Traditional Japanese architecture is exquisite in its simplicity of line and complexity of structure. In many cases, closely placed thinner support members combine to provide excellent structural integrity combined with good visual effects. Architectural elements are often exposed, and thus must also be visually pleasing. If you want to build a traditional Japanese house, you should consider these following things:
Supports and Structure – Traditional Japanese houses are designed to be flexible and pliable. Wood is the main structural support elements. These woods, usually softwood, are made in to a sort of woven structure, with vertical supports connected to horizontal pieces of bamboo. Diagonal supports are often used during construction, but are removed once the house is complete, the various components of the structure taking over the job of the diagonal supports. The flexibility of the traditional Japanese houses has proven to be quite resilient both in earthquakes and typhoons.
Building Materials – Almost all traditional Japanese building materials are organic. Wood from evergreen trees like pine, cedar, fir and cypress is common. Mulberry paper is traditional for the paper in the shoji that form the movable walls of a traditional house. Bamboo added structural and decorative integrity and grasses were woven into tatami mats. Stone is a traditional foundation for a Japanese house, but concrete is commonly used in modern construction.
Proportion & Hierarchy – Proportion and hierarchy are very important in traditional Japanese houses design. Tatamis are designed to be about the size of a person. To design a house, the first thing that needs to be established is the total number of tatami mats required for the purpose of the home. In a traditional Japanese house, there is also a hierarchy of form. More important objects are larger than less important objects. The largest piece of furniture is also part of the house, the tatami mats that make up the floor. The mats serve as a place to sit and a place to sleep. They are a dining facility and a place for socialization. Small, low tables are often a major component of the house, but are secondary to the importance of the floor. Rooms designed for important functions, like entertaining, are usually larger than rooms for other purposes.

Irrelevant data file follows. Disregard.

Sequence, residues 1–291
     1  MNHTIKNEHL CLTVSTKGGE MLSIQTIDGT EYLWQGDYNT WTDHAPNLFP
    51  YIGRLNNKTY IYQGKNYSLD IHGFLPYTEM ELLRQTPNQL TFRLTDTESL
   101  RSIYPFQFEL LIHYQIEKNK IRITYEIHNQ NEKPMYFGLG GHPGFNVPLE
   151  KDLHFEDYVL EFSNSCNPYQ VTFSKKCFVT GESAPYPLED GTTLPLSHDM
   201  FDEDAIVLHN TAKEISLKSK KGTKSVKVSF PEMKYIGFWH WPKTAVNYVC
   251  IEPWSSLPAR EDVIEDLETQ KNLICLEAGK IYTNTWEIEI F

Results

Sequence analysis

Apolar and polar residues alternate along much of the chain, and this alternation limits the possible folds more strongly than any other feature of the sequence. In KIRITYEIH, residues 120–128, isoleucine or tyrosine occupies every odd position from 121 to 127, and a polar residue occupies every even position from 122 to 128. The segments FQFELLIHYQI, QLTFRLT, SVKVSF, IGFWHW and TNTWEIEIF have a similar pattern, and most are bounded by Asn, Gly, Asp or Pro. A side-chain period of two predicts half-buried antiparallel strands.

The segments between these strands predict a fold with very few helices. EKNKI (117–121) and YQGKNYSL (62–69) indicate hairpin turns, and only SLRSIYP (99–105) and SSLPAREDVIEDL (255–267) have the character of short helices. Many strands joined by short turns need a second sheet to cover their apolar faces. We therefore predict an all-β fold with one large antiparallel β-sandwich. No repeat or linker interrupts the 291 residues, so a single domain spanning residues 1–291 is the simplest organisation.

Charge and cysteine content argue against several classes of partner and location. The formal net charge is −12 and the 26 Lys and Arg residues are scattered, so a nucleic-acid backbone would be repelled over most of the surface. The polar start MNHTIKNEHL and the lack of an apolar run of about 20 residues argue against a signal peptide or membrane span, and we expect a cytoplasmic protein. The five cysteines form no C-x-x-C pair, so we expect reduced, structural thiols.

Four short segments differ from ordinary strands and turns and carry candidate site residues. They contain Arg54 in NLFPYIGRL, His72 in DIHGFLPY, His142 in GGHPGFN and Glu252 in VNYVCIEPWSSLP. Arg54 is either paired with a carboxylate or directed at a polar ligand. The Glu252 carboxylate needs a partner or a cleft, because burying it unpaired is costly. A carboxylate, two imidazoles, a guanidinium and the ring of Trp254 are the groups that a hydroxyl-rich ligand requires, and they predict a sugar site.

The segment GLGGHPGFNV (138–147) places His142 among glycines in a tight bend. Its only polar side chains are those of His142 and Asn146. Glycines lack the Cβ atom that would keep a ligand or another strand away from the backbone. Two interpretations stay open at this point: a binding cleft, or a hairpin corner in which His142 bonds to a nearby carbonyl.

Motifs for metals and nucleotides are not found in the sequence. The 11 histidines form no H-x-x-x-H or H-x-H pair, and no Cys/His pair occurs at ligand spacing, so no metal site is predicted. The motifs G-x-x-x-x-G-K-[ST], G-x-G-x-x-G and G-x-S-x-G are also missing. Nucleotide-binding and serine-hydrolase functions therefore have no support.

Flooring and Doors – Tatami mats cover most of the wood floors in traditional Japanese homes. Sliding doors on tracks were generally made of rice paper and wood and could be easily moved. They could separate the ima, or main living space, into separate areas.
Entrances – Traditional Japanese homes have a genkan, which is a formal entryway. The entrance serves as a foyer and commonly has an area for removing shoes. Veranda – Japanese houses have traditional gardens and engawas, which are the verandas that separate the gardens from the rest of the house.
Furniture – The furniture of a traditional Japanese home was sparse and portable. Most furniture was low to the ground and stored in an oshiire, or storage area, where it was kept until needed. A traditional Japanese home depends on function for decoration. The frame of the house and the furniture within are sparse and simple. Clean lines and a lack of clutter characterize the traditional Japanese house.